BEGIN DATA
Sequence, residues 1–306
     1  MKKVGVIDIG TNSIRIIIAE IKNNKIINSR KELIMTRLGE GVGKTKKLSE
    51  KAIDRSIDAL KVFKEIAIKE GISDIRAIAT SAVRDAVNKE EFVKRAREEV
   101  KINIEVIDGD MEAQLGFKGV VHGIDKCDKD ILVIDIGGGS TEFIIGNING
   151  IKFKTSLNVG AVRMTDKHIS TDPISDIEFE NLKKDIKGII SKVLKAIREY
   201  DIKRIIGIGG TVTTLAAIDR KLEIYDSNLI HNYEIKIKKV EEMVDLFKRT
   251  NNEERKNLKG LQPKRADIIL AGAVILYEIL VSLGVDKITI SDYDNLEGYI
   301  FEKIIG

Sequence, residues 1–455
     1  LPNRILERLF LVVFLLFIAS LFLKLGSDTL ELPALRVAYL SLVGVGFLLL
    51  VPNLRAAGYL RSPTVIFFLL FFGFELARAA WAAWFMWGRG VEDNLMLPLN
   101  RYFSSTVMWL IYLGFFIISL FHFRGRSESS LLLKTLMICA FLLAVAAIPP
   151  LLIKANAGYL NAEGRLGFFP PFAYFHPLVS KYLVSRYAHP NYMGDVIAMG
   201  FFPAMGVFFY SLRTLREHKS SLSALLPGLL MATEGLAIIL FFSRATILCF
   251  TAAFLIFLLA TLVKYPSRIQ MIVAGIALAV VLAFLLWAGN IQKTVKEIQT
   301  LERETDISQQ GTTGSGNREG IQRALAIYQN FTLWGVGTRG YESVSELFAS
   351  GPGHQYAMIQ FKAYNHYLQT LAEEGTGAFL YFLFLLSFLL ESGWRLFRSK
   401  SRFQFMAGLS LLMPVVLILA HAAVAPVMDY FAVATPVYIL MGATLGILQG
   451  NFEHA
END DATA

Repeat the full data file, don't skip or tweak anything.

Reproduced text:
Sequence, residues 1–306
     1  MKKVGVIDIG TNSIRIIIAE IKNNKIINSR KELIMTRLGE GVGKTKKLSE
    51  KAIDRSIDAL KVFKEIAIKE GISDIRAIAT SAVRDAVNKE EFVKRAREEV
   101  KINIEVIDGD MEAQLGFKGV VHGIDKCDKD ILVIDIGGGS TEFIIGNING
   151  IKFKTSLNVG AVRMTDKHIS TDPISDIEFE NLKKDIKGII SKVLKAIREY
   201  DIKRIIGIGG TVTTLAAIDR KLEIYDSNLI HNYEIKIKKV EEMVDLFKRT
   251  NNEERKNLKG LQPKRADIIL AGAVILYEIL VSLGVDKITI SDYDNLEGYI
   301  FEKIIG

Sequence, residues 1–455
     1  LPNRILERLF LVVFLLFIAS LFLKLGSDTL ELPALRVAYL SLVGVGFLLL
    51  VPNLRAAGYL RSPTVIFFLL FFGFELARAA WAAWFMWGRG VEDNLMLPLN
   101  RYFSSTVMWL IYLGFFIISL FHFRGRSESS LLLKTLMICA FLLAVAAIPP
   151  LLIKANAGYL NAEGRLGFFP PFAYFHPLVS KYLVSRYAHP NYMGDVIAMG
   201  FFPAMGVFFY SLRTLREHKS SLSALLPGLL MATEGLAIIL FFSRATILCF
   251  TAAFLIFLLA TLVKYPSRIQ MIVAGIALAV VLAFLLWAGN IQKTVKEIQT
   301  LERETDISQQ GTTGSGNREG IQRALAIYQN FTLWGVGTRG YESVSELFAS
   351  GPGHQYAMIQ FKAYNHYLQT LAEEGTGAFL YFLFLLSFLL ESGWRLFRSK
   401  SRFQFMAGLS LLMPVVLILA HAAVAPVMDY FAVATPVYIL MGATLGILQG
   451  NFEHA